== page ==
giraffe-painting

Poll Results – Strange but TRUE!!!

Well thanks everyone for completing my latest poll, I would NEVER have predicted that result, would you? – Basically none of you (that answered the poll) are real beginners, but there is an almost complete 50 / 50 of advanced and novice artists!

I have a feeling that the beginners just haven’t taken the poll, but rushed off to search for more blogs and sites with tutorials instead? Not sure, I could be wrong.

So with those results it looks like I should spend less time posting about the very basics of painting and more time concentrating on things like composition etc.

But what I think you want to see is probably going to be different than what you REALLY want to see. So rather than give you all the time consuming hassle of emailing me (please email if you want though) here’s a list of common things you might want to see more of – just select which best fits you and then the next Blog post I write can cover those areas in more depth – Sound like a fair exchange 🙂  ?

So Your Almost All Artists! Lets Steamline this Blog Even More!

That poll was super interesting for me, I hope you all found it interesting to.

So basically almost everyone that visits my website is an artist, looking for tips or instruction or just browsing to see how other artists do things. 

That is fine and great, but now that prompts another question, one that will help me refine my Blog even more.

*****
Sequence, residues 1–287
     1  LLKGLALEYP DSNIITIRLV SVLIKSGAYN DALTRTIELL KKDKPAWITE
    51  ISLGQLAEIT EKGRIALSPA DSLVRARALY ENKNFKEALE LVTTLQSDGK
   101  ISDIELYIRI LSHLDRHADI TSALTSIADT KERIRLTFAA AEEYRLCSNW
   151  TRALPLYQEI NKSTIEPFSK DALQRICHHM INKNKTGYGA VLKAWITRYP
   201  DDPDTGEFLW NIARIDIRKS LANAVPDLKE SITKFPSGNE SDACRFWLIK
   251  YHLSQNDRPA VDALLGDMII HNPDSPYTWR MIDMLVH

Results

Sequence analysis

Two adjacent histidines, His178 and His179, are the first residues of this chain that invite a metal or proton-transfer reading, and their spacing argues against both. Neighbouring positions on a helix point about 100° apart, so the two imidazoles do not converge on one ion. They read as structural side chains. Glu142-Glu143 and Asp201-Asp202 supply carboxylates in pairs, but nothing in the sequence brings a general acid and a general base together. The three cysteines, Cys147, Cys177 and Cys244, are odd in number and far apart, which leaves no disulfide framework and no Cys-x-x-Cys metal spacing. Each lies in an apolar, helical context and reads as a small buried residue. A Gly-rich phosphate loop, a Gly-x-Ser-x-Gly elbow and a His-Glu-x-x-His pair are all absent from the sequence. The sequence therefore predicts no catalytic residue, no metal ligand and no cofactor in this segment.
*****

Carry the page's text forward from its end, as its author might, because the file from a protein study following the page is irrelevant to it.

Are you a complete beginner, a novice with some experience, or an advanced artist? It’s just a quick click of the button below, so please take the 1 second to take the poll and I’ll try to pitch this blog to what everyone wants 🙂 With a little variety in there as well of course 🙂

Just wanted to update everyone that I have now finished my latest ebook “Wildlife Art On My Easel” 🙂

You can find more details and download it here

A Pole to Benefit us All ;0)

To continue my post on getting to know you all a little better I thought it might be a cool idea to find out whether most of my visitors are collectors of art (ie from people just interested in looking at paintings to full blown collectors)  or artists themselves (ie  from professional artists to complete beginners).

This might help me structure my blog to better suit my visitors, or even run two completely different blogs.

I’d love and appreciate as many of you as possible to just take 2 seconds to take the poll – appreciate it – Jason

I know Your Bloated But Please – Don’t Miss Out!

These days we are all suffering from bloat – email bloat that is!!!

Every time I check my email I get another load of garbage in my inbox and I think everyone is suffering the same fate – it’s a real shame – it’s spoiling the net.

So the last thing you want to do is give your email address away and sign up to a Newsletter! Right?

But my Newsletter is somewhat different – it only comes out every month or two, it has ABSOLUTELY NO SPAM, it’s written by me personally and I NEVER disclose your email address to anyone else – I know how precious your email address is – remember I have one too ha…

But IF YOU WANT TO BE THE 1st to see my new paintings, prints, art tips etc etc then PLEASE DO SIGN UP.  it’s my only real means of staying in touch with you all 🙂

It’s simple to do just click on the image below and fill in your email address. Over the years I have built up over 1,500 followers and I’d hate for you to miss out – sincerely

Jason

Link now working! 🙂

wildlife art newsletter